In Her Shell
Missed The Memo
1. A friend at work just bought a house and casually said to another friend, "Well, we'll have to finish the basement because it just has a living room, no family room, for the TV and stuff." Forgive me, I love the idea of keeping one's TV hidden away, but I absolutely missed the memo about houses needing to have a "family room" or "den." I did have a friend growing up whose house had one, and I thought it was a cool extra feature, but could not for the life of me figure out what they did with the "living room," since for all the years I hung out there no one ever used it. My house growing up had a tiny living room where we hung out, laid around, watched TV and entertained guests, and it was good enough for us, dagnabit!
2. Not using the front door. What? Twice in my formative years I was dropped off at a friend's house only to stand forlornly, knocking on the freaking door, only to have the friend finally figure out I was there, and let me in, the whole family laughing their heads off because I went to the front door. Definitely missed the memo there; why the hell did they have a nice walkway up to it with scrubby suburban bushes on the side if no one is supposed to use it? And how was I supposed to know that? Jerks.
I was interning in New York when we saw the news about Columbine High on TV. This one changed everything, even though there had been shootings before and would be shootings after.
Then, and now, my heart still goes out most to the parents of the shooters. Their children died, but no one grieved for them. Their children were killers. I searched for a while this morning for anything about them now, but found that they've stayed pretty quiet over the years as they were sued by parents of victims and pursued by reporters. It's best, I guess; what could they possibly say?
It's very popular to blame all children's behavior on their parents. It's very easy, and sometimes very accurate. But I've witnessed children spin out of control in my own family, with parents who were just imperfect human beings who did the best they could, and still carry the terrible guilt for how it all turned out.
The lone news article I could find this morning in my search about the Klebolds and the Harrises had only one reader comment at the bottom: "If kids were a stock on Wall Street, no one would invest in them."
Brief History Of Balm
When I was small and on the school bus, I would take out my Chapstick and put it on over and over again, pretending it was makeup. It felt thick and smelled thick, but plain or cherry, it was mine and I loved it.
Later it was Bonne Bell lip gloss, the kind you squeezed out of a clear plastic tube or applied with a wand. Girly and shiny, it was also gooey and messy. When we figured out that Blistex achieved the same or even a better shine, and was way cheaper, we converted, and enjoyed the satisfying masochistic burn.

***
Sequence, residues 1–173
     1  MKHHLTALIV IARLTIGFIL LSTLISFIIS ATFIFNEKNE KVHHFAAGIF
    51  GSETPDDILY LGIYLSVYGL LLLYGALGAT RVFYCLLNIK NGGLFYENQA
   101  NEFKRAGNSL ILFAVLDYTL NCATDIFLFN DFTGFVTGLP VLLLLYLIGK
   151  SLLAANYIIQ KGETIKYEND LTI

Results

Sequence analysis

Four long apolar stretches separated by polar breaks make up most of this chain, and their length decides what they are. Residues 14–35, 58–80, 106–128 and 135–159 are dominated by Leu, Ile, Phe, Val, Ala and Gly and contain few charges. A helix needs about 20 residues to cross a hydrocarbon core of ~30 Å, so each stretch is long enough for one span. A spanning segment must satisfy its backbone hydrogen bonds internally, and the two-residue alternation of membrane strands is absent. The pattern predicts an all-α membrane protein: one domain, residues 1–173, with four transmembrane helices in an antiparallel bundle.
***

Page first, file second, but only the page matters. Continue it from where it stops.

In high school we felt cool with little pots of gloss from places like The Body Shop, which you had to stick your finger in to use. This made it harder to share (an important ritual) and harder to maintain one's nails (also important), so while cute, these little pots got little use.
Softlips was my favorite in college, because it combined the convenience of Chapstick with the tingle of Blistex and the shine of gloss, while still feeling light and non-sticky. I thought I had met my lip balm mecca, but it was expensive and each tube ran out quickly. After graduating I shifted my allegiance to Burt's Bees, which was also expensive and came in lots of tantalizing, but ultimately weird-looking, "tints." It made me feel virtuous.
Yesterday I found an old tube of Chapstick and put some on. It didn't smell like chocolate or tingle or shimmer. It smelled thick, and felt thick, and incredibly satisfying.
Happy Birthday to Gmail
Five years ago I was teaching my first advanced course at the high school. Even though I was probably overwhelmed and surprised by their abilities in contrast to the kids I'd had the year before, I still think they were some of the sharpest I've had.
I got a Gmail "invite" (because you had to be invited
to use Gmail) from one of those students. A strange, awkward, outspoken girl who usually excelled in math and science, she didn't believe me when I recommended her for the gifted program in creative writing. She would e-mail me all the time, long, rambling philosophical e-mails that I thought carefully about before replying. She didn't understand when one of her classmates started a Gay-Straight Alliance, bluntly asking (because that was how she asked everything--bluntly) why it was needed. When I explained as best I could about education and equality, a look of excitement came over her face and she exclaimed something like, "We can just show them the evidence that it's biological, and then they won't be able to be prejudiced!" She became the club's first secretary, and came out after she graduated.
But before all that, and after she invited me to Gmail, she disappeared from my class suddenly, and I got a note from the Guidance Counselor that she was in the local hospital's psych ward under observation, because she had written some things about hurting herself. I wondered about all those e-mails she had sent me, if there was something in her challenging, dark ramblings that I should have recognized. At the time I was still a relatively new teacher, just trying to respond as best I could to my students. I hadn't accepted her invitation to Gmail, wouldn't get on the Gmail train until that summer, when Lulu
converted me. Then I just hoped she would be OK, and five years later, she is.